October 29, 2007


When I like to be pretentious, one of my favorite words to use is reify or reification. The word comes from the Latin word res, which literally means “thing” or “situation” and survives in English in, for instance, the word republic, which comes from the Latin phrase res publica meaning “the public thing.” (I may not always be pretentious but I’m always pedantic.) So reify means something like “to make thing-like,” i.e. to become real.

I mention all this because the word reification has been continually popping into my head as a way to describe my experience in Itipini so far. I have said frequently that I am learning a lot from working in Itipini every day but it is probably more fair to say the experience in Itipini is reifying what I already know. For instance, I knew before I arrived here that many people in the world didn’t have enough food to eat. But it is only now that I can attach particular names and faces to that bit of knowledge. I knew that HIV was endemic in South Africa and particularly affected women but it is only now that I can see the wide variety of people living with HIV and see how it affects the context and fabric of relationships in this country. I was familiar before coming here with the common stereotype of flies landing on poor African children, who are so accustomed to unsanitary conditions they do nothing to shoo the flies away. But now I can see it happening with particular flies and, more importantly, particular African children. (And I see it happening to me – and I too am getting accustomed to it and resigned to it.)

Clearly, reification deepens learning and understanding. When I speak with hungry people, I can get a sense of some of their background that has led them to be without food, stories that don’t come across in statistics. When I make friends with people who are HIV-positive, I can see how they continue to lead their lives in a dignified and proud way despite their diagnosis.

Sometimes reification and learning happen simultaneously. I must confess that one part of African life I knew very little about before moving here was school fees and just how much it costs to send children for what would be free education in the U.S. or Canada. Now, when I speak to parents they tell me just how much it costs them to send their children to get an education so that I can’t think of the issue of school fees without thinking of these particular families.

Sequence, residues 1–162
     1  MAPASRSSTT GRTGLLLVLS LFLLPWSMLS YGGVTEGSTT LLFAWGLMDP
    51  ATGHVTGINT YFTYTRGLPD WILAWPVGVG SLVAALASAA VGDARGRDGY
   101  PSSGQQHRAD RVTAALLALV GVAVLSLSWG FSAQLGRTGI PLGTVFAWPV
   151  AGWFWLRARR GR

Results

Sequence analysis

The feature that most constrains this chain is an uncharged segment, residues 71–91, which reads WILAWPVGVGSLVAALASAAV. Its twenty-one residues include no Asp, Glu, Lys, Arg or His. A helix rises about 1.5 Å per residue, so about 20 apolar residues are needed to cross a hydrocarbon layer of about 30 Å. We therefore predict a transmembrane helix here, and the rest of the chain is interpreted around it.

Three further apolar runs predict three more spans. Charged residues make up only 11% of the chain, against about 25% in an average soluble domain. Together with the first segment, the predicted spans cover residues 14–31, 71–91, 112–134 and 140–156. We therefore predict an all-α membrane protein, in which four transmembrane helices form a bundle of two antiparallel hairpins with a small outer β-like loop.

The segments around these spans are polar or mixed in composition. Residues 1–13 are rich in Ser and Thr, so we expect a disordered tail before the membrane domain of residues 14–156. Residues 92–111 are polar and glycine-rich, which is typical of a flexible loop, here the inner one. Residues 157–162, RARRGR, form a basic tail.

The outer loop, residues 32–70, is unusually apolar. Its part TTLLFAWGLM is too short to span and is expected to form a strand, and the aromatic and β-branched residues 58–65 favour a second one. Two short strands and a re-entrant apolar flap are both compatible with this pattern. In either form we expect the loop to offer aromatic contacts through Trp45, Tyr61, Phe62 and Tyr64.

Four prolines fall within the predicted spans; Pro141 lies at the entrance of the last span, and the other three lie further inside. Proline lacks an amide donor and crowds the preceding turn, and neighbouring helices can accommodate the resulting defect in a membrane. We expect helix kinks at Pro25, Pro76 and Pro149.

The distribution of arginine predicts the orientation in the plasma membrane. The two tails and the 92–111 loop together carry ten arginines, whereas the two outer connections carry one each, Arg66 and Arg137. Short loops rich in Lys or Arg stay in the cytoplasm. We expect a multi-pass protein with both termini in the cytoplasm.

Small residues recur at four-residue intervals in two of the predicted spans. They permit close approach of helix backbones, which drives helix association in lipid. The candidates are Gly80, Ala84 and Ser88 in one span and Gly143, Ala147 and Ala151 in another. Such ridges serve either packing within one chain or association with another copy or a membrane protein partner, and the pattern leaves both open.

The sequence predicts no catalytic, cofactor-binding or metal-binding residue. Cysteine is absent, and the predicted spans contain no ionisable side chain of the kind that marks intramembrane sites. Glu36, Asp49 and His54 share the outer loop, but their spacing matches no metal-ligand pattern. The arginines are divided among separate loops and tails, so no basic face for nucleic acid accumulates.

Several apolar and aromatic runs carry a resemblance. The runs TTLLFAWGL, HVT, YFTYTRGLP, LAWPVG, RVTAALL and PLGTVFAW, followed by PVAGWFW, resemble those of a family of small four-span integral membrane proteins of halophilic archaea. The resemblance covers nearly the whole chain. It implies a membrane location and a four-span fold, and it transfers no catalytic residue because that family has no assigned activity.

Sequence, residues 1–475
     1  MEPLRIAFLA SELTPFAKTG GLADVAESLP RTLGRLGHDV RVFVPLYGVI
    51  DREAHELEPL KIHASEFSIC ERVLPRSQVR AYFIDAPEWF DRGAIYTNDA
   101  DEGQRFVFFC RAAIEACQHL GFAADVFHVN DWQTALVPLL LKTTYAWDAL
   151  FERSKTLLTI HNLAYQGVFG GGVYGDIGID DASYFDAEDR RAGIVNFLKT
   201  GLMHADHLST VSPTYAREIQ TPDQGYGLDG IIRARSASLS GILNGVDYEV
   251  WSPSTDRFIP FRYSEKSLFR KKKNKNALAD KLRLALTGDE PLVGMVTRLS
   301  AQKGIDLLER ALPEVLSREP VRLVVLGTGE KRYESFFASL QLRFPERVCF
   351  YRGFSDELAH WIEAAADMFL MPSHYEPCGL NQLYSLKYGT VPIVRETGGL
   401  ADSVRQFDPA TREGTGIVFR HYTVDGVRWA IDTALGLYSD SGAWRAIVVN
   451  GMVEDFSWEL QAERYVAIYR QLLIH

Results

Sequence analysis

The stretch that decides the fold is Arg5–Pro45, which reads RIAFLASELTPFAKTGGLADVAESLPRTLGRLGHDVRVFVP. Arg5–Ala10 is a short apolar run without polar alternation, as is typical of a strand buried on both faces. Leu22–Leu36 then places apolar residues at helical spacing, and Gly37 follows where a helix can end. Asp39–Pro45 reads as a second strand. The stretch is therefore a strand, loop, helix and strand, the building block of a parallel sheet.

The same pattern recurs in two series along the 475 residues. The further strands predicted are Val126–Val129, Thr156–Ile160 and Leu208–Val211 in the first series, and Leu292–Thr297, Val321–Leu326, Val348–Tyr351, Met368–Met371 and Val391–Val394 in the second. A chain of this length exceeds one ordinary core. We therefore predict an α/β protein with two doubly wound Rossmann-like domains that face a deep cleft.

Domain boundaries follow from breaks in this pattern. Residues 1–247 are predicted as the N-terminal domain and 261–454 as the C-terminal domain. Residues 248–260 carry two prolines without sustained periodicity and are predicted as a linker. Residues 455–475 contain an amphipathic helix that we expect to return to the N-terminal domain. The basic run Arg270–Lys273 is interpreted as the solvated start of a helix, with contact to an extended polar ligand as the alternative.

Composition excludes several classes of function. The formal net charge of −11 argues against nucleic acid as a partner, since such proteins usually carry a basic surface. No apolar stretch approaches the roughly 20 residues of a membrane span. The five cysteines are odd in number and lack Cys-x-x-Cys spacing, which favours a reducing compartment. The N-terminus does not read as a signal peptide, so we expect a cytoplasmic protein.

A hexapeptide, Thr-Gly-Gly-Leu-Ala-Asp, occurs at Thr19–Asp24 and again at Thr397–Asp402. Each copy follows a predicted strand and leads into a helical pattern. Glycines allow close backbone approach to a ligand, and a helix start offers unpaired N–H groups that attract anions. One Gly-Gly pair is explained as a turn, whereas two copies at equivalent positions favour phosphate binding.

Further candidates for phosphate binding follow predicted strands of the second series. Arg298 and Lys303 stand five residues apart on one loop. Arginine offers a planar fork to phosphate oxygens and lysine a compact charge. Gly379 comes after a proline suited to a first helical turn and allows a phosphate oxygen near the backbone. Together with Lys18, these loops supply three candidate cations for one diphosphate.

I’ve been reading some of Desmond Tutu’s sermons and writings lately. In his sermon at Steve Biko’s funeral, he talks about how reconciliation needs to happen between true persons who “assert their own personhood and acknowledge and respect that of others.” (This is a lot like a phrase I have heard frequently that we must strive to see the face of Jesus in others and have others see the face of Jesus in us.) In Tutu’s context, he was saying that peace would only come when Blacks respected themselves as Blacks but also acknowledged the contributions of Whites and vice versa. But in my context, of rich-world/poor-world relations, I think it means more that I have to see beyond statistics and stereotypes I am far too familiar with and actually see the people who are inhabiting those statistics and providing the root of the stereotypes. Because it is only then, when I see that the people I need to be reconciled to are true people with needs and concerns much like my own but expressed in a unique context, that I might be able to take some steps towards the reconciliation I am supposed to help bring about.